An NEA delegation led by Director-General William D. Magwood, IV, visited Japan from 18-24 July for a number of nuclear-energy focused meetings and events. This visit was the first major NEA mission to Japan since the beginning of the COVID-19 pandemic and it served as a valuable follow-on from a series of online meetings held with Japanese organisations over the last two years.
The week began with the NEA Global Forum on Nuclear Education, Science, Technology and Policy Workshop in Tokyo. Organised in co-operation with the Ministry of Education, Culture, Sports, Science and Technology (MEXT), and the University of Tokyo, it brought together representatives from eight Japanese universities, researchers, nuclear industry representatives, and officials from several Japanese government agencies. The NEA delegation was led by DG Magwood, Deputy Director-General Nobuhiro Muroya, and NEA Head of Nuclear Science and Education, Dr Tatiana Ivanova. Professor Richard Lester, Associate Provost, Japan Steel Industry and Professor with the Massachusetts Institute of Technology and Chair of the Global Forum’s Council of Advisors chaired the two-day discussion and was joined by another member of the Council of Advisors, Professor Karen Kirkland, Associate Department Head and Professor, Department of Nuclear Engineering, Texas A&M.
During the workshop, DG Magwood highlighted the NEA’s important role and missions which aim to engage with academic institutions to develop the next generation of nuclear science and technology experts, and bring creative thinking to policy challenges. He also spoke about the current state of the Japanese nuclear industry and its different phases in the 11 years following the Fukushima Daiichi Nuclear Power Plant accident.
With presentations from several of Japan’s leading nuclear energy experts, the workshop explored the relevance and attractiveness of the nuclear education programmes, their stability and support within universities, as well as potential ways to increase co-operation between nuclear education programmes, the industry and government in addressing the challenges faced by the nuclear education community.
Later that same week, the NEA held an International Mentoring Workshop in Science, Engineering and Decommissioning for young female students in Naraha town in Fukushima Prefecture, Japan. Conducted in co-operation with the Nuclear Damage Compensation and Decommissioning Facilitation Corporation of Japan (NDF), the students interacted with six highly accomplished female scientists and engineers from Japan and around the world. The students also toured the Japan Atomic Energy Agency’s Remote Technology Development Centre.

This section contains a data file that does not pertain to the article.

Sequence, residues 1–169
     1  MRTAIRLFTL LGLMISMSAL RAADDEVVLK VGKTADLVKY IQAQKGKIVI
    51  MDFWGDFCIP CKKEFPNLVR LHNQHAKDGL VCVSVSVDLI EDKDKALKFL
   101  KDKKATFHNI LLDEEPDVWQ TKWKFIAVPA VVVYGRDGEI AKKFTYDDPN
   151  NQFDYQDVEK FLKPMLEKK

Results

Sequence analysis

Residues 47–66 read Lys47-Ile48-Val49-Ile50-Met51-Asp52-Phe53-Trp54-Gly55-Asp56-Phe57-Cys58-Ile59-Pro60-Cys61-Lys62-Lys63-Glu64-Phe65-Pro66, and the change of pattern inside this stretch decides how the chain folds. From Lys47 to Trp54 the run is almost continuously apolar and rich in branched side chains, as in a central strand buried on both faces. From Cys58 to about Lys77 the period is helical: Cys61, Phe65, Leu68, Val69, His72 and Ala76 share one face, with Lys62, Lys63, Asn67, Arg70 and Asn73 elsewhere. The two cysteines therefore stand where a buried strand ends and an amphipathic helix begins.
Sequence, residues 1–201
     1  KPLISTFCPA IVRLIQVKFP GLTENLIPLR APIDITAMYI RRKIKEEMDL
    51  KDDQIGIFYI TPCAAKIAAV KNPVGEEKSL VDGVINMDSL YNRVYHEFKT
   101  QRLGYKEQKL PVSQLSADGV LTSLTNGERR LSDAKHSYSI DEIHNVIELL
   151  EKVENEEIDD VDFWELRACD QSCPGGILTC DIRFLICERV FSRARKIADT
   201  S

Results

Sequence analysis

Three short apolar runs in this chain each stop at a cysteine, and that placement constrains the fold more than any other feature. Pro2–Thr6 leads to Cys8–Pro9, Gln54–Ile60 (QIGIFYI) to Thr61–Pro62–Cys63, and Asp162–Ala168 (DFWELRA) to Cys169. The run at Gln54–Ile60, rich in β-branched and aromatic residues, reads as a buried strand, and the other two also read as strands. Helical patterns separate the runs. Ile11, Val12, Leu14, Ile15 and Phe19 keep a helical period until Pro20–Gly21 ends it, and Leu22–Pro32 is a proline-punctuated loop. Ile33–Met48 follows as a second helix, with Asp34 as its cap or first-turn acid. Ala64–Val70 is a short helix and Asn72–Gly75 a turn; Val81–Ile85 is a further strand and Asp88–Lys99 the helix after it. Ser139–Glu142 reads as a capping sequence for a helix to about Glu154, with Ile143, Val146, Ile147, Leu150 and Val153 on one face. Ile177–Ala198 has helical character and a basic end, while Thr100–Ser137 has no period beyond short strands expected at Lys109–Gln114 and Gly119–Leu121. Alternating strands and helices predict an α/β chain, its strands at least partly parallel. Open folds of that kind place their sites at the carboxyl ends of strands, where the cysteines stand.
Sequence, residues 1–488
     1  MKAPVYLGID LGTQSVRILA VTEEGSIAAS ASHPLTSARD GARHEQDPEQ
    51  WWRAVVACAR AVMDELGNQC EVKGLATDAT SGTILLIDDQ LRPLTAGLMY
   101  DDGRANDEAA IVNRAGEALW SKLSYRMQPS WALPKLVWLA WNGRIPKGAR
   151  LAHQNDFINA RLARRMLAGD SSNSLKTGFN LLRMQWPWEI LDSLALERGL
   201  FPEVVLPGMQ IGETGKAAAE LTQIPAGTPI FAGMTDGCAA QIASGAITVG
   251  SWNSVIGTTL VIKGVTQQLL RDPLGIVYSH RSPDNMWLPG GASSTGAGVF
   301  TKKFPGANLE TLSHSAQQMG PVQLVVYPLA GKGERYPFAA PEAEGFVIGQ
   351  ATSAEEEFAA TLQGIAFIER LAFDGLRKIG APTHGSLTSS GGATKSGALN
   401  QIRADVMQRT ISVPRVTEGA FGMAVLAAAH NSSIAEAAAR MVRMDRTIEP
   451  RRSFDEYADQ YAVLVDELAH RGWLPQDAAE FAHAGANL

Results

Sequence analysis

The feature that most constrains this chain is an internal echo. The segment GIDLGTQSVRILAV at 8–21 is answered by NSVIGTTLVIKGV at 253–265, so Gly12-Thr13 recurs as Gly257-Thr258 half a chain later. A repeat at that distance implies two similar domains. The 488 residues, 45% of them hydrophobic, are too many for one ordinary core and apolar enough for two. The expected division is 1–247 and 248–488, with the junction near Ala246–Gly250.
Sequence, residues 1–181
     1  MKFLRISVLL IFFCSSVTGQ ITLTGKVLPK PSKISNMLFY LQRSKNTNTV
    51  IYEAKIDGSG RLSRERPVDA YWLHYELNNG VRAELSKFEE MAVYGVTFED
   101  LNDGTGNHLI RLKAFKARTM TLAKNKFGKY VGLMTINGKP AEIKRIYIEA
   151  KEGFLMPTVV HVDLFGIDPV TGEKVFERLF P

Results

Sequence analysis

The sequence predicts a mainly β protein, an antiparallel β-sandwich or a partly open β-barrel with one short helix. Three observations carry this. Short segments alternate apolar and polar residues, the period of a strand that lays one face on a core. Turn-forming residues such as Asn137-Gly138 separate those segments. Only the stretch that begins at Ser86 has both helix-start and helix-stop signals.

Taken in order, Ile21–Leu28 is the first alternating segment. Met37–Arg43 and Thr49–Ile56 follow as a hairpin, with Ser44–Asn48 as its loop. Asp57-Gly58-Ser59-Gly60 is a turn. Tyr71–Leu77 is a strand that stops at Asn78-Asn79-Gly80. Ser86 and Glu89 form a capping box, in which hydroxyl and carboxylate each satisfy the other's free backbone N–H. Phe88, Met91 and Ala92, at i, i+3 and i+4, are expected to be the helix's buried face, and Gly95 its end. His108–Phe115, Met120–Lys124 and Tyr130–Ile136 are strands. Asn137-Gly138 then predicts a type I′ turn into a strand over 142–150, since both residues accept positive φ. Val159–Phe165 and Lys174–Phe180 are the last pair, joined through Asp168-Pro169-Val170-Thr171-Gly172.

DG Magwood and NDF President Hajimu Yamana addressed the students. During his opening remarks, DG Magwood stressed the importance of bringing together young females interested or engaged in STEM careers with experienced STEM and nuclear energy leaders.
“The NEA has held International Mentoring Workshops for several years in a number of countries, primarily aiming to encourage young women to consider careers in STEM and nuclear technology,” said DG Magwood.
“Ensuring a robust STEM workforce begins with the pipeline of young people undertaking the necessary academic preparation. Our mentoring workshops reach young women during this critical decision-making phase, and strengthen their interest in STEM by connecting them with accomplished female nuclear leaders from their home countries and abroad.”
During the beginning of the second day, the workshop received Japan’s Minister for Reconstruction, Minister in Charge of Comprehensive Policy Coordination for Revival from the Nuclear Accident at Fukushima, Kosaburo Nishime who observed the sessions and addressed the students about the importance of having more women in science and technology.
NEA Director-General William D. Magwood, IV, addressing Japanese students during the mentoring workshop
During the mission to Japan, DG Magwood also met with several government agencies, nuclear energy stakeholders and executives, and key partners such as the World Association of Nuclear Operators (WANO) Tokyo Centre and the Central Research Institute of Electric Power Industry.